They were together often during the run-up to the 2009 NHL Draft, a couple of 18-year-olds being wheeled around Montreal as part of the NHL’s marquee amateur event. One had been in the Canadian hockey spotlight since he’d barely become a teenager, the other was a bit of an unknown from Sweden.

“He’s a great guy and you could tell he was used to everything that was going on,” Victor Hedman said of John Tavares. “I was kind of new to it.”

“We just really talked a lot about hockey,” Tavares recalled. “There wasn’t a lot else.”

They went 1-2 in that draft, of course. Tavares went to the Islanders to become the franchise cornerstone, Hedman to the Lightning on an up-and-coming team that had the 2008 No. 1 pick, Steven Stamkos, as well as seasoned veterans like Martin St. Louis and Vincent Lecavalier.

They will be linked forever by that draft and will see plenty of one another on the ice as this Eastern Conference semifinal between the Islanders and Lightning gets underway Wednesday night in Tampa.

Hedman, the 6-foot-6, smooth-skating defenseman and Tavares, the determined center. Matchups in today’s NHL are defense pair vs. forward line and Hedman vs. Tavares will be the focal point from the start, especially given the way the Islanders captain capped their six-game series win over the Panthers on Sunday night.

“I know 91 is going to see a lot of him; Johnny knows going into every game on the road what guys he’s going to match up with,” Jack Capuano said. “He thrives on those opportunities to play against the best.”

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Tavares didn’t see a big, elite defenseman in the first round, and it showed. The Panthers tried a few different combinations to slow Tavares down, starting with Brian Campbell and Erik Gudbranson, but Tavares was prepared for Gudbranson’s physical style and used his stick-handling skills and his elusiveness to stay out of trouble.

“He’s a smart guy and he can try to get lost sometimes,” Hedman said. “You could see on the tying goal (in Game 6), it’s six on five but he kind of got lost, nobody picked him up and he buried that puck.”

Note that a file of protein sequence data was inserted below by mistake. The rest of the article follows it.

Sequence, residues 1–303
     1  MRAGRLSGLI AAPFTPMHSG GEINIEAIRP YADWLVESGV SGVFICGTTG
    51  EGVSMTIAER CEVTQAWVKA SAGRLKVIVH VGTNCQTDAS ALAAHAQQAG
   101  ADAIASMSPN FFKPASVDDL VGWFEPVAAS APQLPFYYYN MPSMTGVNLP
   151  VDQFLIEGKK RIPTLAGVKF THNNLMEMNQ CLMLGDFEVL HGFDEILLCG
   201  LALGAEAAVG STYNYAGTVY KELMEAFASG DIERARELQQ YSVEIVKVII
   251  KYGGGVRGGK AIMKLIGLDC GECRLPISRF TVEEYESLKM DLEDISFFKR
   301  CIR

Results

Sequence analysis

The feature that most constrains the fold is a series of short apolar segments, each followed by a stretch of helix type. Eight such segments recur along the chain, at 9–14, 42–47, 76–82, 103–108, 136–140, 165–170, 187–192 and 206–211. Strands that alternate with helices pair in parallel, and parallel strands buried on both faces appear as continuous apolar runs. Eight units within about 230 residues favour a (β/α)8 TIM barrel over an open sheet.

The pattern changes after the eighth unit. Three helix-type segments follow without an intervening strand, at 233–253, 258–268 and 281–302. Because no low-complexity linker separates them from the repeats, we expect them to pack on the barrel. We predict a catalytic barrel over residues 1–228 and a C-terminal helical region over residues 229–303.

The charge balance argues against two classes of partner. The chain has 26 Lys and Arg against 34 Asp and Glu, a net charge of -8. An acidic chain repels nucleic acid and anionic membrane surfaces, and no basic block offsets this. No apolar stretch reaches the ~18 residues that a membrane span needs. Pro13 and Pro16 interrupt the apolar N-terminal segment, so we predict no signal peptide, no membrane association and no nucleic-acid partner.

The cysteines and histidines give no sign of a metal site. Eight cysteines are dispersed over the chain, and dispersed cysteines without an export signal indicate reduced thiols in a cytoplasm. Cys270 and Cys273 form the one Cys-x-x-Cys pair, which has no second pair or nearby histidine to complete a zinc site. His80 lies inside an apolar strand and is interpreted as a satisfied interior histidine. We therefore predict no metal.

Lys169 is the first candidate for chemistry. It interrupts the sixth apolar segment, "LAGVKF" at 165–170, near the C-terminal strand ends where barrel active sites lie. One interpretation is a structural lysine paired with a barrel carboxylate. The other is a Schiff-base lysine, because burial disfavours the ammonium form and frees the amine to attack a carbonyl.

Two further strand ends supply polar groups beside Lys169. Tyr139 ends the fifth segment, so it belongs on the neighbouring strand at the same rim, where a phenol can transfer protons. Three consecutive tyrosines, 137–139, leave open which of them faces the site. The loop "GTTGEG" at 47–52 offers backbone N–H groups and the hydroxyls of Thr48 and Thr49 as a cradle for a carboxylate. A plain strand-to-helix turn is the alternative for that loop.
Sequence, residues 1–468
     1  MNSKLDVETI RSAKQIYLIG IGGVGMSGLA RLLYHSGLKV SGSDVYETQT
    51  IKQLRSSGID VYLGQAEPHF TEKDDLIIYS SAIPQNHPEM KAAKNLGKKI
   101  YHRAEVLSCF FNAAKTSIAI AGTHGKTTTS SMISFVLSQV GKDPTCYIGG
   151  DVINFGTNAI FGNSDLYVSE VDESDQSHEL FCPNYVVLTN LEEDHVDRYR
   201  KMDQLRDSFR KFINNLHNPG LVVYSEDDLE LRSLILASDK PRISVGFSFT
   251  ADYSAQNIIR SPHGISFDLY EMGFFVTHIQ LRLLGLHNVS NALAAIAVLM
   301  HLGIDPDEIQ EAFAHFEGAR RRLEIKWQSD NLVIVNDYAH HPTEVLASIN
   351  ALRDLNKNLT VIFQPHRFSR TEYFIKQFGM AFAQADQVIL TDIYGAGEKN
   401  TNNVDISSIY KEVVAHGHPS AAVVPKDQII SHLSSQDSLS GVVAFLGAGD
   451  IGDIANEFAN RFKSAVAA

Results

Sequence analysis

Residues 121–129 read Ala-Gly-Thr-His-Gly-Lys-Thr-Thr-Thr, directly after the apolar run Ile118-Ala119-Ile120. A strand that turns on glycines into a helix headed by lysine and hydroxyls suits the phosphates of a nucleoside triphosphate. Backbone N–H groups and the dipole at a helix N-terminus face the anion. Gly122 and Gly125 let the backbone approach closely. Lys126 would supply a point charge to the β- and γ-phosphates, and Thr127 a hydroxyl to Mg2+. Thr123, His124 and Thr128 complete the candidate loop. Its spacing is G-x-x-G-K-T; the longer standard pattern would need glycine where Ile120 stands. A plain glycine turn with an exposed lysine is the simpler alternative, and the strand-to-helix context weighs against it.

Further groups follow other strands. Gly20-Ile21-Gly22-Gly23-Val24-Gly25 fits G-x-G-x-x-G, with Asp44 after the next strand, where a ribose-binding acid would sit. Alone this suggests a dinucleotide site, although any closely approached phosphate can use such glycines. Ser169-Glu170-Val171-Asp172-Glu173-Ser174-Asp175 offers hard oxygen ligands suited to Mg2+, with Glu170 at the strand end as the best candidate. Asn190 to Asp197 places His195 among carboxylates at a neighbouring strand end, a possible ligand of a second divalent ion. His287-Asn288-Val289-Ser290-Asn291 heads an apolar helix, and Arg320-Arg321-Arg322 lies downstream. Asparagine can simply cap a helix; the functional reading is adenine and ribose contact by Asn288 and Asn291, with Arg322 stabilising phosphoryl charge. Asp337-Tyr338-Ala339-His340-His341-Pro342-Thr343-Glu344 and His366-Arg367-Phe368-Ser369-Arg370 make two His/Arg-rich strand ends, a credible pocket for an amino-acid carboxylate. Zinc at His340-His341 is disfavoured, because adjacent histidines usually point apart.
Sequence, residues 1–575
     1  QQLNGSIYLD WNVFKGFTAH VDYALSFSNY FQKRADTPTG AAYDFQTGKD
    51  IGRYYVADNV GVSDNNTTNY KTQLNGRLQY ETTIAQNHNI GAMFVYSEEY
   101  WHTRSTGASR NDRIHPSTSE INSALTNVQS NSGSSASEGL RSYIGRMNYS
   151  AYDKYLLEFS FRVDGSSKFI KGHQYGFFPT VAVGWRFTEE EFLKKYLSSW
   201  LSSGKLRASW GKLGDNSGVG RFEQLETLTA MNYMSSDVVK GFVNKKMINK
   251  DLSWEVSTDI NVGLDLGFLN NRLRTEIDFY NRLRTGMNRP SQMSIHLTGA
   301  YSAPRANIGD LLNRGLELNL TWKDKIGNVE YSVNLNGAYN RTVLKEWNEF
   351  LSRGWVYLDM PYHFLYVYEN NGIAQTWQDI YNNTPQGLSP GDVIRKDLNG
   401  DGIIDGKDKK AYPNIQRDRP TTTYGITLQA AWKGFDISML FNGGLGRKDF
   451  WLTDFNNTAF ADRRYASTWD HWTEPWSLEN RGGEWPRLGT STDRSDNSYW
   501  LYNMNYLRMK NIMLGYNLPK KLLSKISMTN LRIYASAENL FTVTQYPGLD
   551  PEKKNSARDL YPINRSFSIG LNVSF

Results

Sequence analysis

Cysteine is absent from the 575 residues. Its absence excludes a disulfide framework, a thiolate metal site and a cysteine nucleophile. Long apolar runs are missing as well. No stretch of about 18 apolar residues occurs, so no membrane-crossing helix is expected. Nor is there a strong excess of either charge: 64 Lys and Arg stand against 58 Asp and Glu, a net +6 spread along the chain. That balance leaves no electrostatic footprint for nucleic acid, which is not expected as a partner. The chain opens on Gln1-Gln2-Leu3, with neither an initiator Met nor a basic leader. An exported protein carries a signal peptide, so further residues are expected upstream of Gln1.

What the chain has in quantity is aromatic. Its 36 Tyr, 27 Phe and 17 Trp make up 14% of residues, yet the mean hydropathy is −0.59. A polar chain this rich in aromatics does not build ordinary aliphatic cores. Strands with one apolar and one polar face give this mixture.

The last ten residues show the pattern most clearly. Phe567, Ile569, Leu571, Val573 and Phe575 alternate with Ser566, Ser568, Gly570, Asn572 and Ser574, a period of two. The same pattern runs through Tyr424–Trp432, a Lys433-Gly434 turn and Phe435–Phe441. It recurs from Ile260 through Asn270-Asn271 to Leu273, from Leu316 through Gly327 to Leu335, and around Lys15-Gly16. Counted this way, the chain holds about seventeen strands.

There’s also the direct approach that Tavares used in double-overtime to cement the game and the series. He followed his shot, bulled past Campbell and Aaron Ekblad, raced around the net and flicked a backhand into the open side.

“Working on my game over the years, you just never want to be one-dimensional,” Tavares said. “If they’re taking something away you have to find another way to create opportunities and be hard to play against. Over a long series you want to keep wearing them down, physically and mentally. Trying to find different ways to be productive.”

Garth Snow knew he was taking Tavares for a long while in the days and weeks before that night on the draft floor in the Bell Centre in 2009. Out of courtesy, he listened to offers from other general managers for the No. 1 pick, including one from the team picking right behind him.

“One scenario would have seen us potentially move other players and take John to pair with Stamkos, the other was not move any key players and take Victor,” former Lightning GM Brian Lawton said. “It’s very, very difficult to find quality defensemen.”

And Hedman has blossomed into one of the best in the game. He got a quick taste of the postseason in 2011 when the Lightning made a surprise run to the Eastern Conference final, but it was four years before he emerged as a team leader and helped carry the load last spring as the Lightning lost to the Blackhawks in the Stanley Cup final.

“He’s proven himself to be one of the top defensemen in the league,” Tavares said. “Every time we play against them it’s always a great challenge, last year’s playoffs he really put that D corps on his shoulders and was huge for them. There’ll be comparisons, people will talk about (the draft), but we’re both just going to focus on our teams. That’s all we can really do. Those battles are always fun and you look forward to them.”